The Delhi Government and power distribution company BSES have reacted strongly to the allegations levelled by Aam Aadmi Party leader Arvind Kejriwal on Friday and termed his assertions “baseless”.

For its part, the Delhi Government said the allegations pertaining to the tariff orders passed by DERC chairman for 2010-11 were baseless. It said: “The High Court had in a case filed by Nand Kishore Garg clearly held in paragraph 51 that it did not have an ounce of doubt that no such order was made.”

“It said that ‘approval by one member or the other on the file does not result in making of the tariff order’. Key legal requirements like placing the matter before the Commission and deliberations on it had not happened. Therefore to refer to it as an order is a gross distortion of reality,” a Government clarification said.

The Government said it “passed on the representations received and advised the DERC to look into these points in the light of the National Tariff Policy. The DERC subsequently pointed out that the Government could not give the Commission any such advice, and the matter was not pressed further. In view of the High Court holding that no such order exists, this has become irrelevant.”

‘False assumptions’

Stating that “this so-called tariff order was nothing but the personal opinion of the then Chairman based on false assumptions,” the Government said, “the DERC itself in a subsequent order dated August 26, 2011, said that the assumption by the then Chairman of a surplus position of Rs.3577 crore was based of false premises, namely that such a cash surplus had accrued from there being availability of surplus power to the tune of 20811 MUs. This was itself incorrect and misleading.”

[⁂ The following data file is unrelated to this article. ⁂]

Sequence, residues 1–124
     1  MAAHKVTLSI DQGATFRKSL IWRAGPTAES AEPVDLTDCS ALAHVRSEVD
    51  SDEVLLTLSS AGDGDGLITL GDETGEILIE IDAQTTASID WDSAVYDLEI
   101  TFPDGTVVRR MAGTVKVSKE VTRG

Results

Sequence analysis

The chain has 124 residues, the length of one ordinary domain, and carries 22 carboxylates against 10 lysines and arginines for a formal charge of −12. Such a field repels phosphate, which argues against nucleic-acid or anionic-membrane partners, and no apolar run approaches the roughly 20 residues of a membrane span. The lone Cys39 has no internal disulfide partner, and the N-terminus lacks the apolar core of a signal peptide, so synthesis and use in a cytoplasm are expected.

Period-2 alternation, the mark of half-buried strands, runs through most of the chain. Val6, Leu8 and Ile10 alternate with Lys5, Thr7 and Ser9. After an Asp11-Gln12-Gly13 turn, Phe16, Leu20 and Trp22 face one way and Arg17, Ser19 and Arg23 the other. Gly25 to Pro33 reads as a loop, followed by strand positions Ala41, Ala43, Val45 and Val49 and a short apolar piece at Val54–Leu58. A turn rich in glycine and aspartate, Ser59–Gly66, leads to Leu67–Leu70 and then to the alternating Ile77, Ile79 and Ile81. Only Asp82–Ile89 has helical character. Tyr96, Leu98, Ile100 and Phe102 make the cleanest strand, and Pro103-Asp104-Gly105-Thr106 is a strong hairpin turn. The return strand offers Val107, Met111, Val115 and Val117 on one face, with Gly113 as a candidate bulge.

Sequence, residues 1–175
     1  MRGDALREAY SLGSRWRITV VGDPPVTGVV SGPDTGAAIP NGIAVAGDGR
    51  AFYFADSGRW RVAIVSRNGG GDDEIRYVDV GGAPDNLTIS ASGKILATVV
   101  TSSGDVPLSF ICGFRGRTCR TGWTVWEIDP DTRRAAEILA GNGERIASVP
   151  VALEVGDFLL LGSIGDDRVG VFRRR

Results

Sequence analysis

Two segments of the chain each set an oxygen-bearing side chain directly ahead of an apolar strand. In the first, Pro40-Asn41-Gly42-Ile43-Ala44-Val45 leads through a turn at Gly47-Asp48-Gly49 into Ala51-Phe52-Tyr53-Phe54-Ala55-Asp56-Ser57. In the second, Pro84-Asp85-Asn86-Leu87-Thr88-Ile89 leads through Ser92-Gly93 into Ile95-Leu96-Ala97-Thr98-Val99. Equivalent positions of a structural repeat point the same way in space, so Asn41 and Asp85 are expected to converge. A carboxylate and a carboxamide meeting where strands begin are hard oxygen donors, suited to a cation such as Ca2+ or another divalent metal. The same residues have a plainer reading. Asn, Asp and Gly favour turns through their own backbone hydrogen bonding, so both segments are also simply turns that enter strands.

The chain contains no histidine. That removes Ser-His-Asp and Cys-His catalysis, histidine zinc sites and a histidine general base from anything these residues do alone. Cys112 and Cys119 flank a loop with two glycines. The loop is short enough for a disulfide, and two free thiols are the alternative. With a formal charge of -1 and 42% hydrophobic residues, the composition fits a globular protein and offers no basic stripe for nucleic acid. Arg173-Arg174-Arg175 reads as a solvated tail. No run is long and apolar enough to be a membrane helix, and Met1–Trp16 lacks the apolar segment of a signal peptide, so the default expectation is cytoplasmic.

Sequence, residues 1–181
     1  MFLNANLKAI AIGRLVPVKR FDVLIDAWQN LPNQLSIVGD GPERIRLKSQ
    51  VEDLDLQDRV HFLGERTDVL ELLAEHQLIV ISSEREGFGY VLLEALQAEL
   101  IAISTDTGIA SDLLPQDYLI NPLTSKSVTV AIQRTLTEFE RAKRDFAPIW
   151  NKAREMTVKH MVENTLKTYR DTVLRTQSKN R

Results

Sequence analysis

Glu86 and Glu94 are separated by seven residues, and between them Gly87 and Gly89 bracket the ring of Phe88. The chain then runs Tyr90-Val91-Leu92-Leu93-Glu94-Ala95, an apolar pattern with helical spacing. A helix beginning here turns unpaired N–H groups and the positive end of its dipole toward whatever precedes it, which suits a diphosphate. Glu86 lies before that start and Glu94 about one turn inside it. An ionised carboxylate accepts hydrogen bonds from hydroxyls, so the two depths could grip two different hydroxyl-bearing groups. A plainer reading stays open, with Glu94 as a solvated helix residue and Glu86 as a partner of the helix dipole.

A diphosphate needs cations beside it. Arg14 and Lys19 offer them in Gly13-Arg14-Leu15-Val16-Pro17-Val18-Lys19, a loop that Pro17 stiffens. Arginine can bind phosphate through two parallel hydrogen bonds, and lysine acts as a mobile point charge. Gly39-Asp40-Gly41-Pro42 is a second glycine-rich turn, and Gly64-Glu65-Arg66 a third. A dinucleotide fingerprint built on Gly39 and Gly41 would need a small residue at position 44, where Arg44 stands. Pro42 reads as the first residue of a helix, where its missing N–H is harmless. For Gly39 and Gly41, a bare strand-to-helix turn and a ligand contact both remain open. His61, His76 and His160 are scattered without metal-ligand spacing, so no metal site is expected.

On the reasons for then Chairman reaching these conclusions, the Government said: “This was because generating stations like Mejia, Maithon, Koderma, Pragati-III (Bawana) and Jhajhar were not commissioned at the relevant time or supplying power to Delhi. Since no surplus power was available, the discoms could not have sold such “surplus” and made a profit of Rs.2.5 per unit as falsely alleged.” 

The Government said it was “also completely wrong to say that the Government was not in favour of CAG audit of the discoms.  The Cabinet had decided on December 26, 2011, itself that CAG should audit the discom from the inception. This has also been stated by the Government in its affidavit before the High Court. However, since the case is sub-judice, it would not be appropriate to comment any further.”          

In a statement, power distribution company BSES also termed the allegations against it as “completely baseless, wild and highly deplorable”.

“While the bulk power costs have risen by around 300 per cent in the last 10 years, the retail tariffs have merely increased only by around 65 per cent. Bulk power, which accounts for about 80 per cent of the total cost of the distribution companies, is entirely procured from government-run sources such as NTPC, NHPC, etc., through long term power purchase agreements (PPAs) where costs are approved by Central Electricity Regulatory Commission/ Delhi Electricity Regulatory Commission,” the BSES spokesperson said.

“Aggregate Technical and Commercial losses in Delhi have reduced by more than 40 per cent which is a world record. This operational efficiency has saved Rs.30,000 crore in the past 10 years (and Rs 7,500 crore each year henceforth) by way of reduced subsidy burden on government and lower tariffs for consumers,” he added.